Fight Crab Review
2020 will no doubtably go down as one of the worst years I have ever lived through. As I sit here typing out this review I am unsure if I will need to evacuate later because of the several encroaching wildfires that are burning dangerously all around the west coast of the United States. It’s times like these that games like Fight Crab are a welcome shot of sheer silliness and glee that lets me escape from all the anxiety and uncertainty of the real world outside my window.
Fight Crab reminds me of some of the wacky games I would play at my local movie theater’s small arcade while I killed time waiting for the film to start. The premise is simple: take control of a nameless crab who scuttles out of the sea, determined to flip as many crabs as possible and be the crab champion of the world.
There are plenty of different crustaceans to control in the game, from snow crabs and giant spider crabs to lobsters and elbow crabs. Each one plays differently with unique stats and sizes. Each crab can also hold up to two weapons, one for each claw, wielding anything from rockets to pistols. The amount of sheer absurdity is what makes Fight Crab so enjoyable.
The controls are a little difficult to pick up at first, but after I played a couple practice rounds it was a bit easier. To move the crab you use the directional buttons and it will automatically move in the direction inputted. The joysticks control the crab’s individual pincers. Exclusive to the Switch version, players can instead use motion controls with the Joy-Cons for the same movement. There’s a lot going on and things to think about when playing the game but altogether it’s actually simple once you get the hang of it and it gets sillier and funnier with every new round.
In the arcade mode, you take control of a crab destined to become the very best crab flipper in all the land as it fights waves of crab gladiators in crab combat. There are 34 stages in the campaign, which will probably only take the player an hour or two to complete. Here, the player can level up their crab and unlock new weapons to equip in battle.
I had the most fun playing local split-screen multiplayer with my girlfriend and roommate sitting on the couch together, laughing our butts off at the ridiculousness of what was happening on screen. Because of how many crabs, weapons, and environmental objects are on the screen at the same time, I did experience a few framerate drops when playing local multiplayer. I didn’t experience any framerate issues when playing the campaign or even, surprisingly, the online multiplayer.
Fight Crab does have cross-play online multiplayer, which is great for me considering at the time of playing the Switch version was not yet released to the general public so I could only play with users on PC. Thankfully I didn’t have any trouble getting into online matches with other players and there were no technical difficulty issues, at least on my end.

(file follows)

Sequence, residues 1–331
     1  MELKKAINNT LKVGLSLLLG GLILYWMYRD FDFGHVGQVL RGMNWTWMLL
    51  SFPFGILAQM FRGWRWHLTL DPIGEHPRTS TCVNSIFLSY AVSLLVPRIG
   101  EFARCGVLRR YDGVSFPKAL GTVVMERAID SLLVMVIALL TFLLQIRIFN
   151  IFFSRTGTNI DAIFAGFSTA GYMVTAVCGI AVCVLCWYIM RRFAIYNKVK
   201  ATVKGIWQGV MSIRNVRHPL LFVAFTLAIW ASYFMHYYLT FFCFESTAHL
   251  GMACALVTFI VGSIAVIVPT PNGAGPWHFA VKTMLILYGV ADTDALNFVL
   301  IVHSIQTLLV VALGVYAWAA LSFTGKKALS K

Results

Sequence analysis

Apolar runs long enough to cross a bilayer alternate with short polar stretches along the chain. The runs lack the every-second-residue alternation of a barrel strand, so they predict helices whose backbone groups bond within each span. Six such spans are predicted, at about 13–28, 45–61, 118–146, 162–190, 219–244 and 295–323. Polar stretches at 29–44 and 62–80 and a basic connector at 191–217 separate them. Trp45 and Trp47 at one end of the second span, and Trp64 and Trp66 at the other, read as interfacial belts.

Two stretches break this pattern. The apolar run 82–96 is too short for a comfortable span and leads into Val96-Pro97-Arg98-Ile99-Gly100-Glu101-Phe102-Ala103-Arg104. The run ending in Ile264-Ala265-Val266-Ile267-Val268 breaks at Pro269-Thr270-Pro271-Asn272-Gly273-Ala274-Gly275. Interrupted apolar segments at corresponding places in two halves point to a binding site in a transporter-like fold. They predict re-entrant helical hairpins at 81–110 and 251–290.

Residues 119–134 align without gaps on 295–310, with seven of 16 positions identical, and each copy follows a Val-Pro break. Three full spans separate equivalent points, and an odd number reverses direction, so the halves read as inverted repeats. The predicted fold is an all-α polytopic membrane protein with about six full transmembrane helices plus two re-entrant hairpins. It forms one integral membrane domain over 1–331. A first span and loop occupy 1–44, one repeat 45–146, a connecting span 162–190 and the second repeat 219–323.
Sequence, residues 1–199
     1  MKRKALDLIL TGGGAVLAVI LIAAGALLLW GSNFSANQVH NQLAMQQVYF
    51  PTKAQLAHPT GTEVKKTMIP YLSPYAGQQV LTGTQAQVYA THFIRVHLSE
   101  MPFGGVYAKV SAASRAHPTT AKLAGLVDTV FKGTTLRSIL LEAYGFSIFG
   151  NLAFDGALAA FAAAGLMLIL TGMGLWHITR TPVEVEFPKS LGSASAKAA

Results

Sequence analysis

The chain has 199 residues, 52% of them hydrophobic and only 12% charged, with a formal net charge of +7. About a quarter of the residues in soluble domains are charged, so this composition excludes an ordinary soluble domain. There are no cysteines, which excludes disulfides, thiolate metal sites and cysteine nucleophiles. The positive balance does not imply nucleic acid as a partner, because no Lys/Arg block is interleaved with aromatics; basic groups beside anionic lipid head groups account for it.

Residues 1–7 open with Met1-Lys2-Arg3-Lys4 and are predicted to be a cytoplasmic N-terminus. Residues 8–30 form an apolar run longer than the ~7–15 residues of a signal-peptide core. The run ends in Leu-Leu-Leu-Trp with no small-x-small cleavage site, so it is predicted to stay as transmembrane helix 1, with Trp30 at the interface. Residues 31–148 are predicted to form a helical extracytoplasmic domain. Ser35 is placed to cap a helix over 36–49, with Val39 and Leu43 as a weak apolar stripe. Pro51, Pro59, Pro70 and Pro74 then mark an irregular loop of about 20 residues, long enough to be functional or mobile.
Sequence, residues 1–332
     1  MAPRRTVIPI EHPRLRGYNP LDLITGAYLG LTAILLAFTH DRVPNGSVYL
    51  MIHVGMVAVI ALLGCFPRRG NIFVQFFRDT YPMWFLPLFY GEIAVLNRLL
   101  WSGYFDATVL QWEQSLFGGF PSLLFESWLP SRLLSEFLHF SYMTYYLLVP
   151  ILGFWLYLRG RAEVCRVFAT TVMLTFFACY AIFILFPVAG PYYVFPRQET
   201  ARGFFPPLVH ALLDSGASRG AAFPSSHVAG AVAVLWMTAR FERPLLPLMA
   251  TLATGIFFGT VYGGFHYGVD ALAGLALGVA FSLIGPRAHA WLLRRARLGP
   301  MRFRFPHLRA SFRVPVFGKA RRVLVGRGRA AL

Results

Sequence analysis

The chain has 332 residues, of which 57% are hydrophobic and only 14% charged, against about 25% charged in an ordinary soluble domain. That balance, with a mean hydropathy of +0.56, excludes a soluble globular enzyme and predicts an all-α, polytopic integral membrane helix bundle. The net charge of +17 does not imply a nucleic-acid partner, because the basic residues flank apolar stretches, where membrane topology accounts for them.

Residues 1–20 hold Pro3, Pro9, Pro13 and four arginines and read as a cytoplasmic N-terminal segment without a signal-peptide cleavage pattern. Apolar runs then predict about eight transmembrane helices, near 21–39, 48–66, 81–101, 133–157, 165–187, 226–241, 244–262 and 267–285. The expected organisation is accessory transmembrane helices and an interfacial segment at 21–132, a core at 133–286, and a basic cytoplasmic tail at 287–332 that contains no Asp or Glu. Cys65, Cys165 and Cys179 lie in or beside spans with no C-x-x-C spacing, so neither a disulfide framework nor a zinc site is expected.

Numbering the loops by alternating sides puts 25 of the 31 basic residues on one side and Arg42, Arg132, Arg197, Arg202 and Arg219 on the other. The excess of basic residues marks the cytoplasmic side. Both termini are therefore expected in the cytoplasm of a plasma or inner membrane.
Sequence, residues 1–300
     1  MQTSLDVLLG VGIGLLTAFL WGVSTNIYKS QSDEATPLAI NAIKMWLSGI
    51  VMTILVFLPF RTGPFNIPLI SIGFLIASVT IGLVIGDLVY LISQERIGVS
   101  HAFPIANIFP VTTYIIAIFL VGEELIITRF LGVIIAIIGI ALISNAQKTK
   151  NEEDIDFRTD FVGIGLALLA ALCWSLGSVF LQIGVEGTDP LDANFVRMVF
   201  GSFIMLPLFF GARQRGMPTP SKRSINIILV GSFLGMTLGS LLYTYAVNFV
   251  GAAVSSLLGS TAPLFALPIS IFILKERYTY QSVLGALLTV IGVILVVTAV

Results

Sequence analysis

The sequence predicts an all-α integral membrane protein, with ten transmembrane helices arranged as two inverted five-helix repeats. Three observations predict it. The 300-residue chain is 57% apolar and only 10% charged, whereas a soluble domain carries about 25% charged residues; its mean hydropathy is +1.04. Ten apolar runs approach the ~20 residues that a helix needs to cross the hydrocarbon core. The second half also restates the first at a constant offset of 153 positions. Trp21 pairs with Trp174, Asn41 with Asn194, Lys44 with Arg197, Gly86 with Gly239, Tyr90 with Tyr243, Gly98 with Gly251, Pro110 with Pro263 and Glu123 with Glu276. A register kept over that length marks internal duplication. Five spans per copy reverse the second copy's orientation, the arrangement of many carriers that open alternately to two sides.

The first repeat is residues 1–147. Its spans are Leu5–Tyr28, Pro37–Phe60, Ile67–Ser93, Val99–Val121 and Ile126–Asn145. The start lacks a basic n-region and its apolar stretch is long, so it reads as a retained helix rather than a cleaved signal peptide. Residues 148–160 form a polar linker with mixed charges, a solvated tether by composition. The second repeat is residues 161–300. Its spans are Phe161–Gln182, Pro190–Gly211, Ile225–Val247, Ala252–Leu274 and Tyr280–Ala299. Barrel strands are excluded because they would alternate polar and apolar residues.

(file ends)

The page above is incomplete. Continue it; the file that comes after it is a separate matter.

Fight Crab not only plays like an early 2000s arcade game but it also looks like one too. There’s so many bright colors and wackiness going on. I wouldn’t be surprised if I played it back when I was in middle school when I used to pop quarters into the arcade games at my local Pizza Hut and movie theater. Of course that’s not the case but Fight Crab does take serious inspiration from classic 3D arcade fighting games of yesteryear.
The sets are amazing as well. Fighting as giant crabs in the city or normal sized crabs in a Chinese restaurant will always be fun. But you can even fight under the sea and ride a seal into battle or hold onto a fish and let it carry you around as you drop down onto your enemy.
Even the music sounds over the top. The game has a soundtrack that sounds like a Japanese Kaiju monster movie and Dragon Ball Z had a baby that was really into all things crustaceans. It’s insane and wild but I loved it. It definitely lent to the game’s crazy atmosphere and pumped me up in the battles.
Fight Crab is a huge, over the top crustacean brawler that doesn’t take itself seriously making it a great escape from all the craziness going on in the world right now. I’ve played a lot of games this year, like Animal Crossing, which have helped me forget about the real world for a while, but Fight Crab did something that not a lot of other games have made me do in a while, which is laugh. I haven’t laughed so consistently while playing a video game since last year’s Untitled Goose Game and, honestly, I think we all deserve a good laugh right now.
Fight Crab Review
- Graphics - 8/108/10
- Sound - 9/109/10
- Gameplay - 9/109/10
- Lasting Appeal - 8/108/10
Final Thoughts: EXCELLENT
Fight Crab is a fun and silly escape from the anxiety inducing year that is 2020. Do yourself a favor and pick it up, play with some friends, and have a crab flipping good time.
Tony has been gaming ever since he could walk. Pokémon Blue Version helped him learn how to read. His greatest accomplishment is not just having played the entire Kingdom Hearts series but also understanding it.